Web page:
Authors: Shiel A, Burn JPS, Henry D, Clark J, Wilson BA, Burnett ME, McLellan DL
Title: The effects of increased rehabilitation therapy after brain injury: results of a prospective controlled trial
Source: Clinical Rehabilitation 2001 15(5): 501-514
Year: 2001
Research Design: Randomised Controlled Trial
Rating Score: 06/10
This rating is confirmed
Eligibility specified - Y
Random allocation - Y
Concealed allocation - Y
Baseline comparability - N
Blind subjects - N
Blind therapists - N
Blind assessors - Y
Adequate follow-up - Y
Intention-to-treat analysis - N
Between-group comparisons - Y
Point estimates and variability - Y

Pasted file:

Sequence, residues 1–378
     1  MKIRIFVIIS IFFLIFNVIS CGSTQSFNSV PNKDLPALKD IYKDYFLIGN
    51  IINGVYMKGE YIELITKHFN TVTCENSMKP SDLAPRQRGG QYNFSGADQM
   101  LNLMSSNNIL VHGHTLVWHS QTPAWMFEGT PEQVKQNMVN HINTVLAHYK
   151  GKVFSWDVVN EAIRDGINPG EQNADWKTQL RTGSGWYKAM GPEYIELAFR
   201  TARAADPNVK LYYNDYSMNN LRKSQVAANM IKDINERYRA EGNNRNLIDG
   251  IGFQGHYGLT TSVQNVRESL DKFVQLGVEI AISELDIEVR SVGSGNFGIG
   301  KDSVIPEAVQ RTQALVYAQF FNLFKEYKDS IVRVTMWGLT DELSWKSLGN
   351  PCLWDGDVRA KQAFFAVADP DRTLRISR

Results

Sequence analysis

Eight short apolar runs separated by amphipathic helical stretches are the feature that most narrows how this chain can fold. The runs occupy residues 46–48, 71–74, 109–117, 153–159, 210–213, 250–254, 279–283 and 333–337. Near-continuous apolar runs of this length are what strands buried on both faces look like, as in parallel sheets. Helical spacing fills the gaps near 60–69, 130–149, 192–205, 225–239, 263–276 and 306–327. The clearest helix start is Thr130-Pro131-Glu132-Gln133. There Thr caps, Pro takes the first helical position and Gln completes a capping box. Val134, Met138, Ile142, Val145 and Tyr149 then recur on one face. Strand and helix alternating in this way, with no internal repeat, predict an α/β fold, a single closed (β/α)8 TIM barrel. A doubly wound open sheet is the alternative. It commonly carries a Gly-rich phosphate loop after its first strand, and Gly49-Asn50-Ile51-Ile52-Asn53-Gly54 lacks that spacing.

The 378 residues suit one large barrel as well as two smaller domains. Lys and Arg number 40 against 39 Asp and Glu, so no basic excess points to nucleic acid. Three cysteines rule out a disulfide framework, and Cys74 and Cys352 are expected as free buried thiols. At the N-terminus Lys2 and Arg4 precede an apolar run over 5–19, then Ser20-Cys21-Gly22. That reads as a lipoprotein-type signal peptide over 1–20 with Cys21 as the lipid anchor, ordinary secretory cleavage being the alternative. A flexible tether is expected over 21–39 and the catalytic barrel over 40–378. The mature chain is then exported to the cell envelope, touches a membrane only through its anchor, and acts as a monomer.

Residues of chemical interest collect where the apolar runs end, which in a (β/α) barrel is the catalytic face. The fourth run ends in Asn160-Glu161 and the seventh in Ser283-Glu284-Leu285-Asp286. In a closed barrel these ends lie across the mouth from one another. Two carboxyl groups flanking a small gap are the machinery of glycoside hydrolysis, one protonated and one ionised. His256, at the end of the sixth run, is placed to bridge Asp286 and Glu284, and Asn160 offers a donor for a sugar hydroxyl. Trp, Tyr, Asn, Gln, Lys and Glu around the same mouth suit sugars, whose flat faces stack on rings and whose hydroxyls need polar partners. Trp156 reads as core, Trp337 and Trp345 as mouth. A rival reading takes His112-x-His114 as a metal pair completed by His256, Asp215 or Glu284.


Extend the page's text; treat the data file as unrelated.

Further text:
OBJECTIVE: The objective was to investigate the effect of increased intensity of rehabilitation therapy provided to brain-injured subjects on the rate at which independence was regained and the duration of hospital admission. DESIGN: A two-centre, prospective, controlled study with random allocation to groups. SETTING: Two district general hospitals on the south coast of England. SUBJECTS: Fifty-six people with moderate and severe head injury consecutively admitted to Southampton and Poole hospitals between June 1995 and September 1997. INTERVENTIONS: Increased intensity of rehabilitation therapy input without change in content. RESULTS: Subjects receiving more intensive therapy made more rapid progress and were discharged home sooner. The different intensities of therapy employed in this study showed no evidence of a 'ceiling' effect and the 'intervention group' made significantly more rapid progress on tests of dependency during the period of admission. A clear response to increased therapy input was seen in one of the centres with more rapid functional improvement and a shorter length of hospital stay. This centre already had more therapy and better community facilities. No such benefits were seen at the other centre where the intervention group had a longer hospital stay than the routine group. CONCLUSION: Increasing the hours per week of therapy given to adults recovering from brain injury in hospital can accelerate the rate of recovery of personal independence and result in their being discharged from hospital sooner. Increased rehabilitation therapy after brain injury is associated with enhanced functional recovery and shorter hospital stay if provided in the context of an integrated service that can provide ongoing community support. There is no evidence of any ceiling effect of therapeutic intensity beyond which no further response is observed. The final, definitive version of this paper has been published by SAGE Publications Ltd, All rights reserved ©

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